Day 38 – Sew, a needle pulling thread…

In the morning Niki heads off to a second day of Spanish classes. I opt out on the basis of (a) my head almost exploded from the amount I was taught yesterday and I think I need time to ‘consolidate’, and (b) I have a bit of a cold and don’t feel especially bright so I laze round the hotel doing some admin jobs.

Nik collects our washing (that has been completed for the bargain price of £3.50) but sadly one of Nik’s Chilean Matalan purchases is lost in the process. Adios little back cardigan…though perhaps a combination of its quality, and the pigeon poo that recently fell upon it meant it just disintegrated in the machine.

Another wonderful and bargain-a-tious lunch in a cafe off the square and we make the 20 minute walk up to Recoletta, a terraced mirador to view the city.  Quite beautiful and somewhere where you get a scale of the size of the historical centre.

Also up here is the Indigenous Art Museum (that has moved from a town centre location previously) which provides a fascinating view into the culture and lives of the indigenous people.  We spend a couple of hours lost in the displays (bumping in to Philipp again!), which include indigenous textiles dating back 2000 years and some very “discordant” music.

So captivated are we, that we make a couple of souvenir purchases, including a textile wall hanging.  Our selection was helped by taking the views of one of the ladies making the textiles who Niki rather expertly engaged in conversation (the lessons clearly help – maybe I shouldn’t have been so lazy!).  The time that goes in the textiles is surprising, with a 1m by 0.5m piece taking around 5 months to make!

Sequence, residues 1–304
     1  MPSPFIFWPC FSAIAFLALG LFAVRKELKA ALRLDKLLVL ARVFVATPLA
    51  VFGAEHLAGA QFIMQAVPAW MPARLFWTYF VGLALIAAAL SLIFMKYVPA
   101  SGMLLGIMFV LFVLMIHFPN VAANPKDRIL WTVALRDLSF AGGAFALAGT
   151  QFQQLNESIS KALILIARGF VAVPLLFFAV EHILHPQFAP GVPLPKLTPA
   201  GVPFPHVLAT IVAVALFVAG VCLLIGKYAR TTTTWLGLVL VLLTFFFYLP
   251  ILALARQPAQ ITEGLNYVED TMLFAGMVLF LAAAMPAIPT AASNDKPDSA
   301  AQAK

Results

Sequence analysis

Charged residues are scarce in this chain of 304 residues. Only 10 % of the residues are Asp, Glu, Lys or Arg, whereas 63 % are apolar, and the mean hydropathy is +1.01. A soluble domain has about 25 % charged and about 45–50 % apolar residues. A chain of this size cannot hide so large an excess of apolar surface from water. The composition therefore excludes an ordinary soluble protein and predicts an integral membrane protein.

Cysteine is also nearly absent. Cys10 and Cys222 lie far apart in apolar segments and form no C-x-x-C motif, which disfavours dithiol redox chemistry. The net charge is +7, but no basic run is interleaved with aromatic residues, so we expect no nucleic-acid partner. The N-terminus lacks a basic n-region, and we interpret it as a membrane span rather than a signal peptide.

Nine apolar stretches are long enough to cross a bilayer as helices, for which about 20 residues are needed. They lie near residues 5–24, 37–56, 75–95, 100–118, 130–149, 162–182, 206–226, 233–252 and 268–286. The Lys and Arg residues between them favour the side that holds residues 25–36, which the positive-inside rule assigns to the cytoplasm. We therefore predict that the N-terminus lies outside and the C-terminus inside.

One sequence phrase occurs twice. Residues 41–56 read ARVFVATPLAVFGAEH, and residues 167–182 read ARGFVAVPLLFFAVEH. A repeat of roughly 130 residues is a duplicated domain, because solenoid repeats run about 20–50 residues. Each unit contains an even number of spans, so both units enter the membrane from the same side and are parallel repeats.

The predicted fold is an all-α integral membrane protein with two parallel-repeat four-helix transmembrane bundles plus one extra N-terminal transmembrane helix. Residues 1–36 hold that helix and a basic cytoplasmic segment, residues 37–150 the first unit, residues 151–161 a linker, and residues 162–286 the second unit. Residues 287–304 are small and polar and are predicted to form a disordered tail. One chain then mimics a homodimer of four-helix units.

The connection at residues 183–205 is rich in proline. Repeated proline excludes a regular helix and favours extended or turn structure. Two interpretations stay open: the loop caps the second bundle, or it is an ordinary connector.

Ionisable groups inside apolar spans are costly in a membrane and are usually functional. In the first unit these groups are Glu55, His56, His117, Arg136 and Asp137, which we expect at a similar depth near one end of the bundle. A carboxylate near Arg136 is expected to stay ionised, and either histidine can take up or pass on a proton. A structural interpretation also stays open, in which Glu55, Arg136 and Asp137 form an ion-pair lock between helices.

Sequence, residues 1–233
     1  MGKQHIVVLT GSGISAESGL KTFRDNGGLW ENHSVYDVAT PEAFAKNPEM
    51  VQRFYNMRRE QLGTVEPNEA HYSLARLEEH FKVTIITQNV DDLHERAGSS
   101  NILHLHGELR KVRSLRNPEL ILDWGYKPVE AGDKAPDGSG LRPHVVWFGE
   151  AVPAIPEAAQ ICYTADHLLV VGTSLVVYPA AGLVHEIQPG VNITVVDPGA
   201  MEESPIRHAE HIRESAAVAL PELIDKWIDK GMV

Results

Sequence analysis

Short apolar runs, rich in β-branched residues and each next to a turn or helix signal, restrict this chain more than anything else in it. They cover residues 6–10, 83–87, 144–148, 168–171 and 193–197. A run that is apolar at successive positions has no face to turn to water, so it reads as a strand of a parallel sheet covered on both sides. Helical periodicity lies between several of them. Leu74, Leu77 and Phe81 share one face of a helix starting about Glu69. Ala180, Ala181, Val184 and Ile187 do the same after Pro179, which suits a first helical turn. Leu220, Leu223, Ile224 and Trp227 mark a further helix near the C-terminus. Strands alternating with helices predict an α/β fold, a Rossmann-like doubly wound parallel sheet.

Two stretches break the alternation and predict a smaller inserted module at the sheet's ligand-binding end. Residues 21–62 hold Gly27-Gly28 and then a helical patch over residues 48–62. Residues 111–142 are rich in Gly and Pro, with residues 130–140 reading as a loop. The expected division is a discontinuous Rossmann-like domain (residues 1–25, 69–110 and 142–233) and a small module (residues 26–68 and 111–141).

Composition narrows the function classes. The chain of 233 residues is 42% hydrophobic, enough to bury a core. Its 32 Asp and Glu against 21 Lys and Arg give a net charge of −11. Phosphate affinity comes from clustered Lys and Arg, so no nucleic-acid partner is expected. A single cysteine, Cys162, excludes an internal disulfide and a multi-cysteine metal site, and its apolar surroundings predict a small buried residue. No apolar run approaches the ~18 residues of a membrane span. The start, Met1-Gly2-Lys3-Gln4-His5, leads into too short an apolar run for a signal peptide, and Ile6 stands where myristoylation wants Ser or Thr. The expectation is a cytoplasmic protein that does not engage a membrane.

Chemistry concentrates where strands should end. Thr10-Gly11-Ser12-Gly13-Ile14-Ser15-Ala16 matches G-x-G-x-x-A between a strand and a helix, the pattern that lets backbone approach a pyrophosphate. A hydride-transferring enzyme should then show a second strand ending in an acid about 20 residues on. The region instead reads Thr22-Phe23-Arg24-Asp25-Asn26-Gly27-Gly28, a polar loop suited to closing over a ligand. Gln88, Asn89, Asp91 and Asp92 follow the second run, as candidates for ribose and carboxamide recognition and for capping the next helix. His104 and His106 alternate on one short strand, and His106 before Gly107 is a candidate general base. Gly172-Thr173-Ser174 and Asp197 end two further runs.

On the way back we find an extremely popular place that does frozen drinks – a bit like a Starbucks Frappuccino – and head home.  The  total lack of western shops in Bolivia so far is refreshing – we have not seen a McDonalds yet!

Our last night in Sucre is a night out in a popular bar with our friend Philipp who we have met numerous times now (mostly unintentionally) since our first meeting on the Valparaiso walking tour.

We go to a popular bar with locals and gringos alike. A great drinks selection, including some micro brewery beer and Bolivian cocktails, and wholesome food are consumed whilst chatting about the world.  In particular we find out about the mine tours we chose to avoid in Potosi, which sound quite frightening – many of the workers and guides are drunk and conditions are as bad as we had read, with stories that human sacrifices to the “god” of the mountain still occur.  Philipp is a man that appears to take life comfortably in his stride and even he said it is not something he would ever do again.

We bid our farewells and exchange details as the serendipitous meetings are unlikely to continue as we head to Ecuador tomorrow – though it’s possible our paths may cross once again in Peru.  It would be good if they did.


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